Generali’s media communications at this time are almost entirely COVID-19 focused, reflecting the public’s limited capacity for unrelated news.
Given that 84% of consumers in the Edelman report felt that brands should focus their messaging on how they are helping people to cope with pandemic-related life challenges, Generali’s approach is likely to resonate well with their clients, and reward the company in future.
Another strong response has come from BlackRock, who recently committed $50 million to pandemic relief efforts, aiming in the short term to meet the most immediate needs of vulnerable people. Their first tranche of funding has been deployed to organisations including food banks, and a $2 million donation to the National Emergencies Trust in the UK.
While this approach feels less tailored to the specific ‘medical’ demands of the current crisis than Generali’s, it too sends a strong message to clients that BlackRock believes in ‘doing the right thing’. For 81% of respondents in the Edelman survey, this was a ‘deal breaker’ or ‘deciding factor’ in their brand buying decision.
In a recent letter to shareholders, chairman Larry Fink also acknowledged how completely the coronavirus has ‘overtaken our lives and transformed our world’. The letter detailed the actions BlackRock is taking to support investors, by keeping close contact and providing answers to urgent questions.
While it’s difficult to know if this entails any specific enhancements of their service, it does meet a consumer need, in that 65% of respondents to Edelman’s survey stated that ‘hearing from brands I use about what they are doing to respond to the pandemic is comforting and reassuring to me.’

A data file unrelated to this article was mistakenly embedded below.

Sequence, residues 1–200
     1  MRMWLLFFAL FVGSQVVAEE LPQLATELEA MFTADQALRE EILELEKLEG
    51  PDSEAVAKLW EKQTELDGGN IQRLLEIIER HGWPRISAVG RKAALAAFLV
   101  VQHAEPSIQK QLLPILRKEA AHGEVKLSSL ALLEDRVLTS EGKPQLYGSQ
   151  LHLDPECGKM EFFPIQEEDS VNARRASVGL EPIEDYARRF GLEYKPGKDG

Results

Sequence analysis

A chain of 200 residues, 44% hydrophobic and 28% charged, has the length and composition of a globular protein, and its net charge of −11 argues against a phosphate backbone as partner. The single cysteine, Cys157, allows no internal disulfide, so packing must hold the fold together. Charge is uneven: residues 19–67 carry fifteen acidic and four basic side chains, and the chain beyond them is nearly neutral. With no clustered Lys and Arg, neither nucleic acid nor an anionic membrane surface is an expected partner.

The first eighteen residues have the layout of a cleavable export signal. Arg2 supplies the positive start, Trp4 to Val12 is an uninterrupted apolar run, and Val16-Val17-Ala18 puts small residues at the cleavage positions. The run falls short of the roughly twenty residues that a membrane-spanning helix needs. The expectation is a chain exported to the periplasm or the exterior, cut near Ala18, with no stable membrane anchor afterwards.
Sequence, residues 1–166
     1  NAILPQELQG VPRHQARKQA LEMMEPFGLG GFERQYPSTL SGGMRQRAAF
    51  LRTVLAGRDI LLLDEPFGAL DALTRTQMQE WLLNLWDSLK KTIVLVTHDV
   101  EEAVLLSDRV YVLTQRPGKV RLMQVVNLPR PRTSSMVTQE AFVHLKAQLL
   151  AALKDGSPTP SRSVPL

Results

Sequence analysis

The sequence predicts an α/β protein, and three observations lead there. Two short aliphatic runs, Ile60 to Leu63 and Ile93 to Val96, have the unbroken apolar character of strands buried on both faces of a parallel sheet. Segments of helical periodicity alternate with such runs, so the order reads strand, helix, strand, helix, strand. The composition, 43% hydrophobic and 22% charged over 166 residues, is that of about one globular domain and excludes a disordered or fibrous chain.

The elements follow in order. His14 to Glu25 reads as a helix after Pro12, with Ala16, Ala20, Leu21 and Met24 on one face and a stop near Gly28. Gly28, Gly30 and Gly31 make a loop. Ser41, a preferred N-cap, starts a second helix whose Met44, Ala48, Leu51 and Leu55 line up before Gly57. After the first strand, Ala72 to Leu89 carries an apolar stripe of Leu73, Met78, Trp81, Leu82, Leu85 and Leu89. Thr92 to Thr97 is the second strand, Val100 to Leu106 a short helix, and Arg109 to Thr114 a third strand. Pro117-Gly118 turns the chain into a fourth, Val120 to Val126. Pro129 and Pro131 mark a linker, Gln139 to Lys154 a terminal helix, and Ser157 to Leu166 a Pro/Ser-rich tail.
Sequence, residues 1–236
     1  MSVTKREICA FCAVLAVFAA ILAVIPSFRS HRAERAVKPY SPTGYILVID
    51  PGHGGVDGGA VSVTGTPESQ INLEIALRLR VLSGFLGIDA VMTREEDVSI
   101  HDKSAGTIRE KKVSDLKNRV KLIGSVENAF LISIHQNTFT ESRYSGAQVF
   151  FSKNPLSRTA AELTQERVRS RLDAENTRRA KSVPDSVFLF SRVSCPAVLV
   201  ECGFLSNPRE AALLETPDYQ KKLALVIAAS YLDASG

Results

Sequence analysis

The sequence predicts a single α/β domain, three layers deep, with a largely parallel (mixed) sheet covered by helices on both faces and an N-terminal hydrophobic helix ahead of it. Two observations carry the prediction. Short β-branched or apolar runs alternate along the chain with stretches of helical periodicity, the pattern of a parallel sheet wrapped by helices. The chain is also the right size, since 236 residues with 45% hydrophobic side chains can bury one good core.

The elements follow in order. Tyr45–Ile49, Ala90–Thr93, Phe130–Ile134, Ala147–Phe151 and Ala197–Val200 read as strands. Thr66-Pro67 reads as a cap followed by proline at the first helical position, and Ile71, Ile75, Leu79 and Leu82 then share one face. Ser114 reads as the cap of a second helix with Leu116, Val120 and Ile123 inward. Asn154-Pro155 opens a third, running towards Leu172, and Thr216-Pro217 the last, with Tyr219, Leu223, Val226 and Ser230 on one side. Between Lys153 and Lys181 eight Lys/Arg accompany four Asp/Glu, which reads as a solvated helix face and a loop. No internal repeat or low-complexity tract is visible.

Robeco is among the 275 asset management companies who have signed the Investor Statement on Coronavirus Response, an initiative from the Interfaith Center on Corporate Responsibility (ICCR) calling on businesses to protect their workforces and communities through the crisis.
The statement has five requirements for companies: to provide paid leave for employees, prioritise health and safety, maintain employment, maintain supplier/customer relationships, and financial prudence.
Signing it sends a clear public message that the business is ‘protecting the well-being and financial security of their employees and their suppliers’, something that 90% of consumers believe they have a responsibility to do, even if it means suffering some financial losses during the pandemic.
The asset management response. Next steps?
Now is the time for innovative thinking from companies wishing to harness their power and apply their expertise towards minimising the devastation of the virus.
Asset management brands have worked hard to evolve brand purposes to differentiate beyond just product, price and performance and now is the time to dig deep into these values and interrogate exactly how they are applied in the face of events like Covid-19.
In practical terms, asset management brands could consider how they might be able to fund products or services that are needed now by those affected by the crisis. Or, how they can support businesses through a difficult period, either financially or through the application of their expertise. They might also look at how they can fill gaps in the government’s capacity to combat the economic, environmental and social issues that will arise as a consequence of spending to fight the virus.
In playing their part to help combat these and other challenges of the pandemic, asset management brands could emerge from the crisis with much clearer public perception of the genuinely vital role they play in all our lives.